God’s Own Party: Analyzing the GOP Debates

Screengrab via Fox News

Every four years, the world pauses to watch one of the most entertaining events broadcast on television. The contrived drama, the heated rivalries, and the very real concerns regarding the influence of money all add to the tension and excitement of this rare event. As much as sounds like it, this event isn’t the World Cup—it’s the presidential primary debates.

The first Republican primary debate, hosted by Fox News, was just as bad as you would expect, with the exception of several surprising questions that were actually relevant and hard-hitting and several answers by the candidates that were reasonable and at least tangentially aligned with humanistic values.

Popular Fox journalist Megyn Kelly managed to throw in some unforgiving questions in-between the intellectual softballs that are lobbed in all debates, including in past Democratic primary debates. While she started by going after The Donald, criticizing disparaging and sexist remarks he made on his social media accounts about women he didn’t like, her best moment was when she asked several of the candidates if they would support abortions in cases of rape or incest. Not only was this a hard-hitting question which forced candidates to make their views on a relatively uncomfortable subject known, it was asked at a time when abortion and women’s health are hyper-relevant given the manufactured ongoing “crisis” surrounding Planned Parenthood.

Ohio Governor John Kasich should also be praised for being the most compassionate and least crazy person on stage—the award for most crazy went to former governor Mike Huckabee who as a supporter of a constitutional amendment against gay marriage and an opponent of women’s health and secularism is far more dangerous than the human sideshow that is Donald Trump.

When asked how he would explain his opposition to gay marriage to his children if one of them were gay, Kasich replied, “I just went to a wedding of a friend of mine who happens to be gay. Because somebody doesn’t think the way I do, doesn’t mean that I can’t care about them or can’t love them. So if one of my daughters happened to be that, of course I would love them and I would accept them…I think the simple fact of the matter is, and I’ve been saying it all along, we need to give everybody a chance, treat everybody with respect, and let them share in this great American dream that we have, Megyn.” While not exactly an endorsement of equal rights for LGBTQ Americans, Kasich should be commended for being brave enough not to gay-bash as his fellow conservatives have done, both on the debate stage and across the country.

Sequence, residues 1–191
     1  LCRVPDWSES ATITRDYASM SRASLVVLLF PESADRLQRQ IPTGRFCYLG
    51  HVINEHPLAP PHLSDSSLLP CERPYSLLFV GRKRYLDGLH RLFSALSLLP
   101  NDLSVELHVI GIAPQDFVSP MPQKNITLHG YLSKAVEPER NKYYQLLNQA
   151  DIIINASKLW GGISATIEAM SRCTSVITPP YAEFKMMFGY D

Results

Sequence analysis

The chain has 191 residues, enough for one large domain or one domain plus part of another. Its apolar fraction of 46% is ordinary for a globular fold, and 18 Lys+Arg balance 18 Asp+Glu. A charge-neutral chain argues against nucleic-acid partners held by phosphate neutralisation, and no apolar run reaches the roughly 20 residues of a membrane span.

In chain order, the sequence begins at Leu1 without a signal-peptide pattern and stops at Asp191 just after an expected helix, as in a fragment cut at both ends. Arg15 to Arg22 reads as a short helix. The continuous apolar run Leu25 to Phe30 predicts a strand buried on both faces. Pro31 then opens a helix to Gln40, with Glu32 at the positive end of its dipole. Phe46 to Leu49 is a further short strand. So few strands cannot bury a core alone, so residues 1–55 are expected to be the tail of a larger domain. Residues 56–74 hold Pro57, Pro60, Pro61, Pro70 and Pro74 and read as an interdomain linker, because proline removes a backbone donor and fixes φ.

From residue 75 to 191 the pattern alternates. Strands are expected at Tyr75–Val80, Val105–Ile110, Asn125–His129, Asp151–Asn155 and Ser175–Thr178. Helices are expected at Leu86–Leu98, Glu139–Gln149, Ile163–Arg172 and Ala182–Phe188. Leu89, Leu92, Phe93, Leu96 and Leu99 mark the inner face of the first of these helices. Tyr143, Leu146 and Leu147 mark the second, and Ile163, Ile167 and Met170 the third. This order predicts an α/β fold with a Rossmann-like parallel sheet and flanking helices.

But those few moments were the only ones that didn’t leave humanists across the country pulling their hair in frustration and disbelief. As to be expected, numerous God-bombs were dropped throughout the night, as candidates peppered their policy statements with references to their reliance on the supernatural and religion in general.

In fact, one of the final questions of the night came from a viewer who asked if the candidates had heard from God on what they should do and take care of first. The responses the candidates gave should speak for themselves.

Apparently, Senator Ted Cruz has a very close relationship with God: “I am blessed to receive a word from God every day…” Wisconsin Governor Scott Walker went even further, stating that “I’m certainly an imperfect man. And it’s only by the blood of Jesus Christ that I’ve been redeemed from my sins.” And Senator Marco Rubio insisted that “…God has blessed our country. This country has been extraordinarily blessed. And we have honored that blessing. And that’s why God has continued to bless us.”

The constant references to faith, even when the question being asked wasn’t explicitly religious, showed America that while Republicans may be divided on domestic and foreign policy, they are united on the idea that faith—the Christian faith in particular—is a prerequisite for public office. This pandering to religious right voters may be effective in the primary season, but it will continue to alienate nonbelievers who might support the party and is likely to motivate secular independents to take their votes elsewhere.

Plenty of time remains for the GOP field to narrow and for the remaining candidates to refine their policy positions, but barring some epiphany by Republican strategists, it is extremely unlikely that the God-talk will slow down anytime soon. The practical impact of this language is that the GOP will continue to narrow its base of potential supporters and neglect the many conservative atheists around the country who would likely vote for a Republican for president—if only that Republican didn’t do everything in his or her power to make it clear that he or she doesn’t care about the First Amendment and America’s proud tradition of secularism.